For many Christians today, this is the single, sole, and significant form of their assembling with other believers, and — because it demands so much time from its constituents — takes the place of the other, the meeting together in small, informal, socially relaxed, normal interaction. In cases like this, one can strongly argue that they are “neglecting to meet together, as is the habit of some,” and are substituting an impersonal group activity for real, viable, human fellowship and interaction.

Jesus’s most significant teaching took place among a small circle of His disciples, to the point that, shortly before His suffering and crucifixion, He referred to them as His friends (John 15:15). Is it such a bad thing to strive and long for the paradigm that worked so well for these first believers?

“No one has greater love than this, to lay down one’s life for one’s friends.” (John 15:12)

Thank You

Thank you for joining me at This Woman Writes, where my prayer, for the believers in my country (the U.S.A.) and other places where materialism is worshiped as a sure sign of God’s favor, is that they will separate cultural “norms” (which are fed to us through our educational, political, entertainment, and religious systems) from truth.

Posts complementing this one are

Leaving Church: Is It Rebellious, or Obedient?

What Does “Real” Church Look Like?

 

 

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About This Woman Writes

Carolyn Henderson is the marketing manager of Steve Henderson Fine Art. In addition to her This Woman Writes blog, Carolyn writes a regular art column for FineArtNews, an online newsletter for artists and art collectors.
This entry was posted in Christian, church, Culture, Faith, Family, home, homeschooling, Life, Lifestyle, religion, spirituality and tagged , , , , . Bookmark the permalink.

6 Responses to “If you leave church, how will you fellowship?”

  1. Jewell says:

    We have Americanized and Modernized the bible so much that we view everything through the eyes of our own time and place. I have been very guilty in my own past years of church attendance of trying to put God in a box and make him fit what I thought he should look like. In reality, there are absolutely no examples of any early Christians building a building for meeting, taking up an “offering,” or appointing paid clergy. This is the foundation of any real conversation on the subject of church attendance, but most Christians still attending cannot get past this first step. “Meeting” simply means that….meeting. No designation of where or an order of service to follow. Simply living their lives together as equals. After all, God did tell us we were now equals. No more male or female. No more slave or free. No more Jew or Gentile. Free and equal before the cross. Heck, the terms “laity” and “clergy” (or the concepts of) are not even in the Bible. Thanks for the article. This is a great take on a very misused verse.

    • Excellent thoughts, Jewell — you have encapsulated much wisdom and commonsense succinctly and well. And as you say, there are no examples of how it is all to be done, and yet this is not brought into the discussion at all. Such sensible thinking is indeed a beauty to see — thank you!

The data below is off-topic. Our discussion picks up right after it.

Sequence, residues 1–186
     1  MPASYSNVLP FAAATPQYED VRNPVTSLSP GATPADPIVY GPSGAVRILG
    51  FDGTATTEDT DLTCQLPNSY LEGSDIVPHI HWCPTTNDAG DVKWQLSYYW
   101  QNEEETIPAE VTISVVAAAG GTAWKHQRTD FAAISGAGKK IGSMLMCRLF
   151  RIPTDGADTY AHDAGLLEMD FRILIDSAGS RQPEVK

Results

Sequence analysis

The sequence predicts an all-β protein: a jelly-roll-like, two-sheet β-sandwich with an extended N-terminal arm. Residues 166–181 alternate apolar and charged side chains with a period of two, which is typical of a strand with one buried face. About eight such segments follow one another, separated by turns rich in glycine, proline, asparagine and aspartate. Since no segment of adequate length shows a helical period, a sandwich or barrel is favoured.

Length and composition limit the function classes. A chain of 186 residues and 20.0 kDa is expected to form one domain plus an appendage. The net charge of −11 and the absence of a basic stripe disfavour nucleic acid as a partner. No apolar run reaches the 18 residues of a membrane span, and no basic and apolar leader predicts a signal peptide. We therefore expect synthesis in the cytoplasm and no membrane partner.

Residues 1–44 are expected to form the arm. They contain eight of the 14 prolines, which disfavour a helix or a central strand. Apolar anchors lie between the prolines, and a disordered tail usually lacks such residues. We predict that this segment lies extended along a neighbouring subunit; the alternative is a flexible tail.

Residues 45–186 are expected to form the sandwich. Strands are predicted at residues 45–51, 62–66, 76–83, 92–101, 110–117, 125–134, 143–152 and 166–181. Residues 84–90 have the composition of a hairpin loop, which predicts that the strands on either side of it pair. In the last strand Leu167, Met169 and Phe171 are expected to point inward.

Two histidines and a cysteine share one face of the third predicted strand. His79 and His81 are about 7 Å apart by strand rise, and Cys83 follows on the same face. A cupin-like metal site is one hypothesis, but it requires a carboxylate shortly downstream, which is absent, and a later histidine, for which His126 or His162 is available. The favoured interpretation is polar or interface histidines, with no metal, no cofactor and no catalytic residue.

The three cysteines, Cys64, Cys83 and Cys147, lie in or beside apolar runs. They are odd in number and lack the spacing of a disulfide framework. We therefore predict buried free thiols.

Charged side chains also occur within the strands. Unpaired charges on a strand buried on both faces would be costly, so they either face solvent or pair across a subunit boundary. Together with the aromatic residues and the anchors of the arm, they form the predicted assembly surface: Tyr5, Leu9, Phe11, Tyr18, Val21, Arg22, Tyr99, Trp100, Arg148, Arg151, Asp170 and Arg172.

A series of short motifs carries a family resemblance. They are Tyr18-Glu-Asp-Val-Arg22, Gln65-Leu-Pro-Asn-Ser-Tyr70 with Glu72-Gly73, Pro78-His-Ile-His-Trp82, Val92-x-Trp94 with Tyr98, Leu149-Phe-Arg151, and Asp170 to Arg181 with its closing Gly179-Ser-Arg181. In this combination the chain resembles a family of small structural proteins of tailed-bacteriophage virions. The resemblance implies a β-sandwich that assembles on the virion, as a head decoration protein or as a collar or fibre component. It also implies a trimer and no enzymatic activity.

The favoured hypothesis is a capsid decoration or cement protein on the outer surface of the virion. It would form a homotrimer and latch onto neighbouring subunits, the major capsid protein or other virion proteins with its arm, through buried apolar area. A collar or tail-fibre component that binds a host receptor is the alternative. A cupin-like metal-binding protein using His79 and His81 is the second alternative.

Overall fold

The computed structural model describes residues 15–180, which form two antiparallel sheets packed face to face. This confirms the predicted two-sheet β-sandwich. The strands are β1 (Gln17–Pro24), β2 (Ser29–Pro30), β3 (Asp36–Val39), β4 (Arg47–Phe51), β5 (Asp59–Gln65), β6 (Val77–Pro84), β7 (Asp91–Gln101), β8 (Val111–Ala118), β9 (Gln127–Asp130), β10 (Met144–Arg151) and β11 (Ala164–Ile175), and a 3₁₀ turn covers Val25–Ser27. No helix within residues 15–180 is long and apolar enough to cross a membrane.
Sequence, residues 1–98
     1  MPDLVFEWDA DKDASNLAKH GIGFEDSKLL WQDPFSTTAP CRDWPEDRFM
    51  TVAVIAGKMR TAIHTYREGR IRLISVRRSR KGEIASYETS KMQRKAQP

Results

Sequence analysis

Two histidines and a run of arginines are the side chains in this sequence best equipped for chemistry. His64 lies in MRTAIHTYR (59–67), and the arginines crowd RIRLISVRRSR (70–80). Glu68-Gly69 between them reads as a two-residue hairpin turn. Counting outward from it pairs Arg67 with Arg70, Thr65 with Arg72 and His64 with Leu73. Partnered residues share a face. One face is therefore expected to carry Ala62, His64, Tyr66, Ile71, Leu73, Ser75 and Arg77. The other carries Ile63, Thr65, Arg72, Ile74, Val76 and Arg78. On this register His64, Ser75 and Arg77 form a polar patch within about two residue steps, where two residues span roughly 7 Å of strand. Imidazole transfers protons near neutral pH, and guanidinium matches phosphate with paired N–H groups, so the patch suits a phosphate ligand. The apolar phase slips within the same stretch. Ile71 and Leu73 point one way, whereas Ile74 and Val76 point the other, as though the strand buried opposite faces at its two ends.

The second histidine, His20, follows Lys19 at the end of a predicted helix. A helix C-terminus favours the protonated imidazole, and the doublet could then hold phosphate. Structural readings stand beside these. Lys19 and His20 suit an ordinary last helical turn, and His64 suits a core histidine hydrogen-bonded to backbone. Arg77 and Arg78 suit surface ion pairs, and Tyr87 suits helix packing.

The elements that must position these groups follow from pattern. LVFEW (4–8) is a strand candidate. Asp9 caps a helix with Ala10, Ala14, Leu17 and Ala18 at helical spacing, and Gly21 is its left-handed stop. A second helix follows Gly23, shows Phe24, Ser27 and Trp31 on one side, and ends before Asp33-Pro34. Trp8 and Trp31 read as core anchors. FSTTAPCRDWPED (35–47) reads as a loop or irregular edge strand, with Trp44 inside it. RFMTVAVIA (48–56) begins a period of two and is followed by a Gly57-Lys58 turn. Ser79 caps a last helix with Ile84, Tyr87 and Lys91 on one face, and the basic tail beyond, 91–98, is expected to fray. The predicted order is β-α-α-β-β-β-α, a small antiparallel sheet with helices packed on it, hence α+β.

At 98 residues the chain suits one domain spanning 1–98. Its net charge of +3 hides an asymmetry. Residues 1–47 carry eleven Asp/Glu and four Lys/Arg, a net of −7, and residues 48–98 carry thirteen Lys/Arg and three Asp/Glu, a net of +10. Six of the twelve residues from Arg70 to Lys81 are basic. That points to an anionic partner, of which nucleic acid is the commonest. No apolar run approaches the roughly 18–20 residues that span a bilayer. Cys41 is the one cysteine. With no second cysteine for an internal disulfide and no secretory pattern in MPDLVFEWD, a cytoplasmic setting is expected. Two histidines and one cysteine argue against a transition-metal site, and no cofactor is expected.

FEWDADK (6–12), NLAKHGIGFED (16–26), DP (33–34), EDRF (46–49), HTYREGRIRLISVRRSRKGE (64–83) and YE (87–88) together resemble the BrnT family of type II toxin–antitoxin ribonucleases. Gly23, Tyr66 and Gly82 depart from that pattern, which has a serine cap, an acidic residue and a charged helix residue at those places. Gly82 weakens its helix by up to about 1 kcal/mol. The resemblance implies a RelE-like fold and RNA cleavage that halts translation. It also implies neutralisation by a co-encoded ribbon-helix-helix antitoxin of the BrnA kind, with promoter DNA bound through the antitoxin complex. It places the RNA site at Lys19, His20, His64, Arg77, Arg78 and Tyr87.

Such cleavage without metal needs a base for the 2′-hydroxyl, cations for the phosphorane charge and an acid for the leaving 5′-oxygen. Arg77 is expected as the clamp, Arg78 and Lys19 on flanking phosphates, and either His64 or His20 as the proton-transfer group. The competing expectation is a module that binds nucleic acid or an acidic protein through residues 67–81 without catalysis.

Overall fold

2. Janene says:

    Thanks for your challenging article. What are your thoughts on the Emerging church movement? From what I have heard many Christians are leaving formal church meetings for this alternative style of worship.
    http://www.channelc.net/tvchannel/Has-The-Emerging-Church-Movement-Arrived-In-Your-Church

    • Hello, Janene: I guess my thoughts on the Emerging Church movement concentrate on the word, “movement.” It appears to have its gurus, its spokespersons, its (already) major pastor players in what look to be mega churches. I, too, have heard of the “alternative style of worship,” but then I have to ask, “Why does the rest look the same? Why the pastor names who lead the way?”

      I understand the frustration of people with the “formal church meetings” — we ourselves felt the shallowness and coldness of an establishment that has more to do with keeping itself healthy, than actually being a place where people can interact and question and encourage and love. But why, oh why, when we feel the need to leave this place, do we look for yet another GROUP? Why do we not look, instead, for an assemblage of others — not necessarily formal, certainly not big, not always meeting on a regular basis? Why do we not 1) seek God earnestly on our own, our souls literally demanding to know more of who He is and 2) pray that He will lead us into the lives of others, so that we can learn from them, and teach as well?

      Within our “education system,” we battle, among many other issues, the federal and state intrusion into matters that are of import to individual parents, within their individual communities. Our one size fits all approach results in a system that requires no input from individual people on a local basis, other than their taxes. Similarly, any large group, especially one that is part of a larger umbrella entity, really doesn’t need the input of its individual, “lay” members — rather, it needs those members to memorize and abide by the regulations of the group.

      Is this Christianity?

    • Jewell says:

      In short, I would be wary of this movement. I think it is really a new name for the same corruption. It appeals to feelings more than truth.
      http://www.gotquestions.org/emerging-church-emergent.html

  3. Pingback: A Woman’s Role in Church — What Is It, Anyway? | This Woman Writes by Carolyn Henderson